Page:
For many, the 2019 Oscars was a turning point for the awards show, with Spike Lee’s  BlacKkKlansman losing out to Peter Farrelly’s Green Book being the perfect illustration of the Academy’s issues. Rolling out the ‘lost cause’ narrative that celebrated the arrival of the ‘white saviour’, Green Book’s win seemed to sweep contemporary racism under the rug in favour of a story with a predominantly white focus. Despite being born out of a black story, the film belittled the efforts of the actual heroes of the tale, demoting them as mere racial props in their heroic tales of white saviours.

Tackling the issue with humour and a piercing analytical eye, Spike Lee’s film was far superior to Green Book and remains far more pertinent to this very day.

5. Extremely Loud & Incredibly Close nominated for Best Picture ahead of multiple others

This is an Oscar-snubbing extravaganza, with the inclusion of the critically and commercially panned Extremely Loud & Incredibly Close by Stephen Daldry, taking the place of several other, hilariously superior films. Everything from Lynne Ramsay’s We Need To Talk About Kevin, David Fincher’s The Girl With The Dragon Tattoo, Nicolas Winding Refn’s Drive and Paul Feig’s Bridesmaids each fell short in the Best Picture category.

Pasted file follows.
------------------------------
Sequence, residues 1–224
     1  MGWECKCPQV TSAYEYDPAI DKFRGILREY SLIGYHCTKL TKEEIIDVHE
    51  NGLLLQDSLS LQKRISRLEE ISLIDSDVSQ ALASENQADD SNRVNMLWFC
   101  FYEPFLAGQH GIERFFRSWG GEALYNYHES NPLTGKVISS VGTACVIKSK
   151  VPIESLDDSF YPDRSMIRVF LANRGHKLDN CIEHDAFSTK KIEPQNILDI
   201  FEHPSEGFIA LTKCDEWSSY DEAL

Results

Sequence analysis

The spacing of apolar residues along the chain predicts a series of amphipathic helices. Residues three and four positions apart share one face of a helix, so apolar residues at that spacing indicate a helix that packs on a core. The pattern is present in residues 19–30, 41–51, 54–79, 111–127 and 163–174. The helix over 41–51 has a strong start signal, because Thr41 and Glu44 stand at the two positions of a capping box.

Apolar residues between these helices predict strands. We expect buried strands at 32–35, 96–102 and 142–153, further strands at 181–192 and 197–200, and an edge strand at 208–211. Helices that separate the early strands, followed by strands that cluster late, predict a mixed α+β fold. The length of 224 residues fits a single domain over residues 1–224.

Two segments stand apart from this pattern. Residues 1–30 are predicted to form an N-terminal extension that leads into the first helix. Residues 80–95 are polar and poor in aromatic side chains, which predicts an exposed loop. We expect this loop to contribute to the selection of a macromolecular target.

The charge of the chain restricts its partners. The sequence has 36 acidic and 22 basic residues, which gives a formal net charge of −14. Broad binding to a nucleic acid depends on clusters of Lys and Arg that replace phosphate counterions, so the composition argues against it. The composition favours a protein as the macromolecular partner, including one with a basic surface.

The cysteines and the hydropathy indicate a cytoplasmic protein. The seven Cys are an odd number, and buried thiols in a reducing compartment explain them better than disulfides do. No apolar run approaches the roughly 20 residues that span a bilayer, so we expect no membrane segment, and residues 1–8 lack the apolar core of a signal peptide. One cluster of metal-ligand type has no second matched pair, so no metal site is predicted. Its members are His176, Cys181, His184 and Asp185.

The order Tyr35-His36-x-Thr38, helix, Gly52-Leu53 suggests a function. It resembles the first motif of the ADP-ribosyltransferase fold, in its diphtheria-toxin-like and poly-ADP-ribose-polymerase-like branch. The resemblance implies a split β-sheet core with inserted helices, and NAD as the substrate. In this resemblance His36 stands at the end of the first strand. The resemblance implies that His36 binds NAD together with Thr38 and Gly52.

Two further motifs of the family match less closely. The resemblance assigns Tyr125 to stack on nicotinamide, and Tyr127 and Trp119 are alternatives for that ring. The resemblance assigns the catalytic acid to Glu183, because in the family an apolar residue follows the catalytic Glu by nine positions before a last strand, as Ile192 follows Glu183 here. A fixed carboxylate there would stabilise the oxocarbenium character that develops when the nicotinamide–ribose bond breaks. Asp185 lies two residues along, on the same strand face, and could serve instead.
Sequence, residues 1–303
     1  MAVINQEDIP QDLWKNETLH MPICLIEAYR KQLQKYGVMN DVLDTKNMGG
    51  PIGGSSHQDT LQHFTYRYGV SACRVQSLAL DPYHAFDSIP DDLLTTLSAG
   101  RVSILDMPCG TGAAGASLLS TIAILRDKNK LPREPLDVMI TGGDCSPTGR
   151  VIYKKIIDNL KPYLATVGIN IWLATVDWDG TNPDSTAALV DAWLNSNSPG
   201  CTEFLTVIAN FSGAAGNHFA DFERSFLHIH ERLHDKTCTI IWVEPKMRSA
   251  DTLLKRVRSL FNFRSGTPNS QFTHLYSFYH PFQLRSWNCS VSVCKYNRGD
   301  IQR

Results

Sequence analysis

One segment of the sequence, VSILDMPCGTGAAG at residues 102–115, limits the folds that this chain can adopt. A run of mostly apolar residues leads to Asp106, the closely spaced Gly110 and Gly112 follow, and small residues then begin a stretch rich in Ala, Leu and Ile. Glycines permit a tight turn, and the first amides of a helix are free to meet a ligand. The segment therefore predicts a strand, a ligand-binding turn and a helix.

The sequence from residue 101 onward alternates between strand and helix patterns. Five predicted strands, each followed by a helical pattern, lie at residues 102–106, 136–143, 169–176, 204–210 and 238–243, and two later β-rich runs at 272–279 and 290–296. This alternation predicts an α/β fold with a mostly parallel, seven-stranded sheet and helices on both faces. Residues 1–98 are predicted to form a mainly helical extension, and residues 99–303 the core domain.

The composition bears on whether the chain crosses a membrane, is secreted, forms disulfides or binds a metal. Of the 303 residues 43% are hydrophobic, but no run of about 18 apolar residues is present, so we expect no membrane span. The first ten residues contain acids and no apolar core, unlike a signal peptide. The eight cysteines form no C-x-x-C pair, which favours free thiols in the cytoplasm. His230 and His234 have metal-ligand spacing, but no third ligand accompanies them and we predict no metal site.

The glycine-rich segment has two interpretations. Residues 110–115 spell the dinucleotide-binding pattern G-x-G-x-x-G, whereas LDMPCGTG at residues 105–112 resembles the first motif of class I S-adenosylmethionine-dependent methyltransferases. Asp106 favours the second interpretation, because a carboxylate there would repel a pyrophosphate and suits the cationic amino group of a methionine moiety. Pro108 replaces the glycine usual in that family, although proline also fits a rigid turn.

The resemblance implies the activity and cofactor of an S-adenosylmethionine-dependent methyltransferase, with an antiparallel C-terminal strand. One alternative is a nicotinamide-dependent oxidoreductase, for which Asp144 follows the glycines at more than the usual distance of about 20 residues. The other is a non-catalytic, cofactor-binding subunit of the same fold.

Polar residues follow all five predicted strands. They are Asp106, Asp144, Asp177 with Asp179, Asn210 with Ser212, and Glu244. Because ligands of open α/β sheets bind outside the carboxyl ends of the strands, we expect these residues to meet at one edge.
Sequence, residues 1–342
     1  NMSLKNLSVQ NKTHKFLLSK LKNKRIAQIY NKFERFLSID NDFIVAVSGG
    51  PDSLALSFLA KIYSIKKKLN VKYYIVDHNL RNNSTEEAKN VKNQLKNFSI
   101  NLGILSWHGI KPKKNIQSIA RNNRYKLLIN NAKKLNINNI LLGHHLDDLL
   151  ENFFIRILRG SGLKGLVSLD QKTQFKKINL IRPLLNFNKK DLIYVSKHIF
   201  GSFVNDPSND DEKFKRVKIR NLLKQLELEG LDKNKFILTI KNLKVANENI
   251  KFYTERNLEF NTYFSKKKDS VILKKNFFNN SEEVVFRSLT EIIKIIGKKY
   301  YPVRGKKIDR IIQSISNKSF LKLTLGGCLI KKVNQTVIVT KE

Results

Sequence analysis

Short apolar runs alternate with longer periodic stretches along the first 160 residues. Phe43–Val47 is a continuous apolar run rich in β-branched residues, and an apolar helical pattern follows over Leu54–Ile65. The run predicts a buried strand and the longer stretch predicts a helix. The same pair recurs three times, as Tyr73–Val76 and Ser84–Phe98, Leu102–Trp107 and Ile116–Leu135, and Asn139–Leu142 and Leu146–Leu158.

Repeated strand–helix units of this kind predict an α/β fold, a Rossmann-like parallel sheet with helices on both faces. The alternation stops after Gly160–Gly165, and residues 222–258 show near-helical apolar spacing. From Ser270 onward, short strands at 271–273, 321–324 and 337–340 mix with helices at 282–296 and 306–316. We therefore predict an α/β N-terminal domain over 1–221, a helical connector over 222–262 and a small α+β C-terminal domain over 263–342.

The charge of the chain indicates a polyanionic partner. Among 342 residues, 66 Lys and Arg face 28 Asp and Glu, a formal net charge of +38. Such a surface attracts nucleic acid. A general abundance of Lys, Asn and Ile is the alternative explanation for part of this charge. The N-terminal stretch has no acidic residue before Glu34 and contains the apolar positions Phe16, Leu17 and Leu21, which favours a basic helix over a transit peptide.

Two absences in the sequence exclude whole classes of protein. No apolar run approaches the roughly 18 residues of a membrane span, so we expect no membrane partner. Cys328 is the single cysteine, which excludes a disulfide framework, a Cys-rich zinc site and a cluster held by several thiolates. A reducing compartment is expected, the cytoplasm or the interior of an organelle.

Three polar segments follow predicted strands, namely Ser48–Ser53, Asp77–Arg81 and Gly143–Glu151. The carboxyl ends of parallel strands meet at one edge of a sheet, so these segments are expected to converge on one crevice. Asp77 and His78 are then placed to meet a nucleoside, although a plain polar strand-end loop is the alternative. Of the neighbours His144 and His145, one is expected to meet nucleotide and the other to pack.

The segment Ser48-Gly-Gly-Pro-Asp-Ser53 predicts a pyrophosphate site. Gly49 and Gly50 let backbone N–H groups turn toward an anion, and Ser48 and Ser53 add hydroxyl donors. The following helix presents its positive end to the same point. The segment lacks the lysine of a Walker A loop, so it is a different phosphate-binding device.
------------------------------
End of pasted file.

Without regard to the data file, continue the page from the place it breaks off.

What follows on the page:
Now known as one of the most famous Oscar gaffs of recent memory, the inclusion of Daldry’s awful film is rather bewildering.

4. Chadwick Boseman for Best Actor – Ma Rainey’s Black Bottom

The passing of the Black Panther actor Chadwick Boseman was one of the most shocking celebrity deaths of the past decade, with the beloved figure leaving an indelible mark on the history of Hollywood. Nominated posthumously for his final on-screen role in Ma Rainey’s Black Bottom, Boseman seemed destined to win the award as one final honour for his contributions to arthouse and commercial cinema. 

Unbelievably, it was Oscar veteran Anthony Hopkins who actually took home the award for the film The Father, with the ceremony itself also seemingly surprised by the decision after they moved Best Actor to be the final award of the night in preparation.